Los Alamos National Laboratory

The Tectonics of a Fossil Repository

(A) The continents sit on tectonic plates that slide over Earth’s upper mantle. But the African tectonic plate is gridlocked, so Africa cooks in the rising heat from Earth’s core. On the continent’s east side, magma wells up, fracturing the African plate into the Nubian and Somalian subplates. The result is the East African Rift (red lines), which extends through Eritrea, Ethiopia, Kenya, Tanzania, Malawi, and Mozambique. The Red Sea and the Gulf of Aden are also rifts, caused by the movements (arrows) of the Arabian plate and Africa’stwo subplates. The boundaries of the three plates (white lines) meetwhere the rifts all intersect, in what geologists call a triple junction.

(B) At the triple junction, the Afar Rift, the north end of the East African Rift, began forming more than 25 million years ago and grows wider and deeper every year. Magma rises there, pushing Earth’s crust up and back to form plateaus with a valley subsiding between them. In the past, sediments from the plateaus buried the remains of animals (including hominids) that were attracted to the valley. The result is a treasure trove of fossils that now attracts scientists. But it’s a disappearing treasure trove, eroding away and destined for a watery end. Part of the rift is already 512 feet below sea level. Water will eventually flood the area, then spill down the entire East African Rift, cutting off the Somalian plate.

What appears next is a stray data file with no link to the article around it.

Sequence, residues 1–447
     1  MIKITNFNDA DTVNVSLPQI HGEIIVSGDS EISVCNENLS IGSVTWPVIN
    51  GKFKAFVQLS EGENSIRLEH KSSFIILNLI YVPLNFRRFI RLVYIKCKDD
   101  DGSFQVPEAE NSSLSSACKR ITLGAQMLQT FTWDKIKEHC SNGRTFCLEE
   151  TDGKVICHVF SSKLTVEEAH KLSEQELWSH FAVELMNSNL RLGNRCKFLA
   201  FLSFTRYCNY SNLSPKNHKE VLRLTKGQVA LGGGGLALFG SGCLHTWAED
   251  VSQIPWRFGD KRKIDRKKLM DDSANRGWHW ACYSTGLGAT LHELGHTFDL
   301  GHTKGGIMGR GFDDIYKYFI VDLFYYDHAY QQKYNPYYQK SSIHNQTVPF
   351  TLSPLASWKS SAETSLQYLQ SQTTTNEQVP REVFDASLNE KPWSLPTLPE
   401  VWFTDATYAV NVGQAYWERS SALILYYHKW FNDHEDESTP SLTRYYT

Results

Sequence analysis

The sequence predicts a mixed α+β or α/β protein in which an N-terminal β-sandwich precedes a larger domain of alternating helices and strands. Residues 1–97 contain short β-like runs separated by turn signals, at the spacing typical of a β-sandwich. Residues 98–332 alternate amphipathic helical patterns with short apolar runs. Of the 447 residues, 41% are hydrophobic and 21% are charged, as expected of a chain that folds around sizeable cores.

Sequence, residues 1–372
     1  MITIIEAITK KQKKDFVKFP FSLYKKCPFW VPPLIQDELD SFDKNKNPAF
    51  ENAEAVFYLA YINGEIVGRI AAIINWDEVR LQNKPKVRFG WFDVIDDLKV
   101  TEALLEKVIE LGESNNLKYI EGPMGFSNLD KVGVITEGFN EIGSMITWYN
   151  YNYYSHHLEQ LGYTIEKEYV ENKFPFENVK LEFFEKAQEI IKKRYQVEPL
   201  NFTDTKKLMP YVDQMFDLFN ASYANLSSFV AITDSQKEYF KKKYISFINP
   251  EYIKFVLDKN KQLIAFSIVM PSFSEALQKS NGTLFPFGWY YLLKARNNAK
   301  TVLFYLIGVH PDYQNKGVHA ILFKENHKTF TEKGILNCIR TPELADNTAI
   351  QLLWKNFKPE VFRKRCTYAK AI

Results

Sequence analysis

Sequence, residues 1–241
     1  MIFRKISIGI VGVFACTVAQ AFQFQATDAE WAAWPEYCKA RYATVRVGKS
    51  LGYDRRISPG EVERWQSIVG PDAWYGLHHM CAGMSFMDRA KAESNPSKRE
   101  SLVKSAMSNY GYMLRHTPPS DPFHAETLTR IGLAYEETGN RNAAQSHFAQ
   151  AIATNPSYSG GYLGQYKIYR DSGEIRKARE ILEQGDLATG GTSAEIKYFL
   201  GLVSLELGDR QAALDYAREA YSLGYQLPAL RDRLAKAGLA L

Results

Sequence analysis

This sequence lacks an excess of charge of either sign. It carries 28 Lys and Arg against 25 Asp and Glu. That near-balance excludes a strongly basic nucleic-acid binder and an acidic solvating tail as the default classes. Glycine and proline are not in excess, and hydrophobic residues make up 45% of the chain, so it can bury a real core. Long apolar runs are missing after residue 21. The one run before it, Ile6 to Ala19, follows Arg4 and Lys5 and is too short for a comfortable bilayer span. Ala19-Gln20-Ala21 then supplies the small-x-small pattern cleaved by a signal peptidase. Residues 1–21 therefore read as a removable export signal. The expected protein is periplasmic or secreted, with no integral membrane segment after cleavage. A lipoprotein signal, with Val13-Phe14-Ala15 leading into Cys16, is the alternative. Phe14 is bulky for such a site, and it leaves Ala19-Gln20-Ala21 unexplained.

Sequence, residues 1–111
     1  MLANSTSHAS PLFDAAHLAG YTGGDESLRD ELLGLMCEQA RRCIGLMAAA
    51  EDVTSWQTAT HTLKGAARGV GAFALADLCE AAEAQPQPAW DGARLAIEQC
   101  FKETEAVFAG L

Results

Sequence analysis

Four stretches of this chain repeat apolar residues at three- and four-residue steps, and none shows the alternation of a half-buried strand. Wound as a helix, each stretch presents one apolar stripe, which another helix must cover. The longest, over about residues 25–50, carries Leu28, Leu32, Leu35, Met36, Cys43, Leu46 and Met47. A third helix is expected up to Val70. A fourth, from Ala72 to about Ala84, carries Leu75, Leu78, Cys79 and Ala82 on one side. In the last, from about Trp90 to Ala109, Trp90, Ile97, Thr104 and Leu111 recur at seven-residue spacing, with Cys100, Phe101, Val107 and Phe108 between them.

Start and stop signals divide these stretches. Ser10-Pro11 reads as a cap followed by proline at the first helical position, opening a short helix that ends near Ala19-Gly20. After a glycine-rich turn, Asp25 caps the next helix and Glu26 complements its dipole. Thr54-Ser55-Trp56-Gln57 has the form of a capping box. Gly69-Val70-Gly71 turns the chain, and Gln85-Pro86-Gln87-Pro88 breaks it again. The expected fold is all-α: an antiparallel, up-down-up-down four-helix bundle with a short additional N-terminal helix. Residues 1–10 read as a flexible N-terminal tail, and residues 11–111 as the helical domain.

Picture of study area.

 

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